• Dorsal - referring to the back, or it might seem to be the top if the animal is not upright like a human, but it is its back.  Like a dorsal fin on the back of a fish.
  • Ventral - referring to the front, or belly-side of an organism.
  • Anterior - in front of, or the end that contains an organism's head.
  • Posterior - in back of, or the end that contains an organism's tail.
(Source)
A shark has two dorsal fins.  This means they are on its back.  There is an anterior dorsal fin and a posterior dorsal fin.  The anterior is toward the head and the posterior is toward the tail.
Something can also be "anterior to" another body part, meaning it is in front of it, and "posterior to" another body part would mean it is in back of it.






Aquatic Vertebrates

(2) Osteichthyes (bony fish)
Perch anatomy - exterior and interior




►You can also watch Shark anatomy!



(3) Agnatha (jawless fish) are a type of cartilage fish.
Lol, Agnatha talked so much, her jaw deteriorated.
One type of Agnatha is the Lamprey.  ewwww! 






Aquatic Invertebrates

Invertebrates have an exoskeleton rather than an outer skeleton.  So they do not have a backbone, thus the name invertebrate.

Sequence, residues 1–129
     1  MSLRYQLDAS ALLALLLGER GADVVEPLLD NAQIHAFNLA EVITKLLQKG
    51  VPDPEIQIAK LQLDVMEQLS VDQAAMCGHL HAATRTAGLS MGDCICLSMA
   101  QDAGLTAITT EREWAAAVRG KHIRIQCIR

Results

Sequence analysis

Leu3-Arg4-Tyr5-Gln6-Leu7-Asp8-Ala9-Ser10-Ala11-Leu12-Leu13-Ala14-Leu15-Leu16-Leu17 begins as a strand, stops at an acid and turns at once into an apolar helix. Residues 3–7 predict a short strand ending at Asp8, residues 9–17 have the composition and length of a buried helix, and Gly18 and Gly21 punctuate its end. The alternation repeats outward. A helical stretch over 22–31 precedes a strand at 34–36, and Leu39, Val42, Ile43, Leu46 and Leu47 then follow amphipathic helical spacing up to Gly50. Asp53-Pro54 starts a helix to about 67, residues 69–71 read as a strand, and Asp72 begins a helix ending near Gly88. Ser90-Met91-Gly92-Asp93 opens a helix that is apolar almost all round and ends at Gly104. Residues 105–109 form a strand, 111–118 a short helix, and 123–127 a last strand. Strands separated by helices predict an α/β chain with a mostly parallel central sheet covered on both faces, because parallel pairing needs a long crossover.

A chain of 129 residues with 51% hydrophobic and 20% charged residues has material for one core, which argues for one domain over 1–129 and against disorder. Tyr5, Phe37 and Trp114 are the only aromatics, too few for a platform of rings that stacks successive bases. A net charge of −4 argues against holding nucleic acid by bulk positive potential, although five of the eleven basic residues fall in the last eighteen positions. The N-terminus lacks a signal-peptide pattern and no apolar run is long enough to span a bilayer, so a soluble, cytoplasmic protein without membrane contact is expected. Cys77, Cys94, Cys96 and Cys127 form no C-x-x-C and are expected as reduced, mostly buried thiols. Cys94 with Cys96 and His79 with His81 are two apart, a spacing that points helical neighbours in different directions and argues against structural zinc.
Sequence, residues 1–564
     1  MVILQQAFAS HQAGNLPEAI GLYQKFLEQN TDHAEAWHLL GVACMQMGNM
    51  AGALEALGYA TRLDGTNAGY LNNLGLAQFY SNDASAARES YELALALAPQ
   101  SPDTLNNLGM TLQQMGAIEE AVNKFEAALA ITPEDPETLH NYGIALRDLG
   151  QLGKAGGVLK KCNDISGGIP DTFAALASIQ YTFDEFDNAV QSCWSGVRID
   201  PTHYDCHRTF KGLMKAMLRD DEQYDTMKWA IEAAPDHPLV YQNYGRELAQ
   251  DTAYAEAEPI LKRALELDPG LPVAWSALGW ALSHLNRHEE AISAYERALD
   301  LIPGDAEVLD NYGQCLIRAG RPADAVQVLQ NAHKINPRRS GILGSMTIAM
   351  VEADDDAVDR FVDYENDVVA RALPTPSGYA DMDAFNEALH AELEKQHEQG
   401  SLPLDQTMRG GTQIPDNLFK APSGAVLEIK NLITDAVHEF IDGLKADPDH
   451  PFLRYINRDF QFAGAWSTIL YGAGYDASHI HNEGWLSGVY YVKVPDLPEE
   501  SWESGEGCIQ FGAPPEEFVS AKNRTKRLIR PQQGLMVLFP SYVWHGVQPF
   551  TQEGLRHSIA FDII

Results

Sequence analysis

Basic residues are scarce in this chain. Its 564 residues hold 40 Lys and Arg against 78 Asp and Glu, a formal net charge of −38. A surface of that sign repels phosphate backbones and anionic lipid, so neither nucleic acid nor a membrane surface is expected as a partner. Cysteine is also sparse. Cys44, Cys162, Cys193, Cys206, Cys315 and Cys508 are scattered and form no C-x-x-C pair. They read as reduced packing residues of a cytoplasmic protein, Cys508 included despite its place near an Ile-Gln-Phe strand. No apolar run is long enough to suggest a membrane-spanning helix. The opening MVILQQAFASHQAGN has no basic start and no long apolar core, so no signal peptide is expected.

Some invertebrates are also arthropods.  Arthropod means jointed leg or foot.
All the creatures below are invertebrates.  Which of these invertebrates are also arthropods?


(4) Crayfish Anatomy part 1
Please ignore the evolutionary references.




(5) Crayfish Anatomy part 2




(6) Crayfish Swimming, trying to catch food.
Growing up, I always called these crawdads.  =)




(7) Lobster




(8) Shrimp




►See baby shrimp being born around 0:50 seconds.


(9) Beautiful Crab at Costa Rica




Watch this crab run!



"Barnacles (see images) are crustaceans that have jointed legs and shells of connected overlapping plates. Instead of crawling after food, they glue themselves to rocks, ships, pilings  abalones, and maybe even whales and wait for food to wash by. When barnacles are under water or when a wave washes over them, they reach out little feathery barbed legs to strain out plankton and absorb oxygen."
(source)

(10) Barnacles "sweeping" the water to gather any plankton floating about.



(11) Amoeba Dinner!
Watch this amoeba eat.  It uses its pseudopod locomotion to move and to engulf its prey.  To begin with, everything moves slowly until the prey realizes it is caught!



►See more images of amoebas!


(12) Euglena, from a pond




(13) Euglena's movement by whirling its flagella, and by drawing its cytoplasm into the central region of the cell, then re-extending itself forward.




(14) A paramecium moves by beating the tiny "hairs" on its edge.  These are called cilia.
Paramecia have an oral groove where they take in food.  You can see the oral groove around 40 seconds when it starts turning over several times.
The little "blobs" throughout are food vacuoles.  After a paramecium takes in food through the oral groove, it pinches off a little section with the food inside it.  This is now a food vacuole, and it will move to other parts of the paramecium, taking food to its whole body.



(15a) Octopus Camouflage!  This is incredible!


(15b) Watch it in reverse


Octopus videos from ScienceFriday.com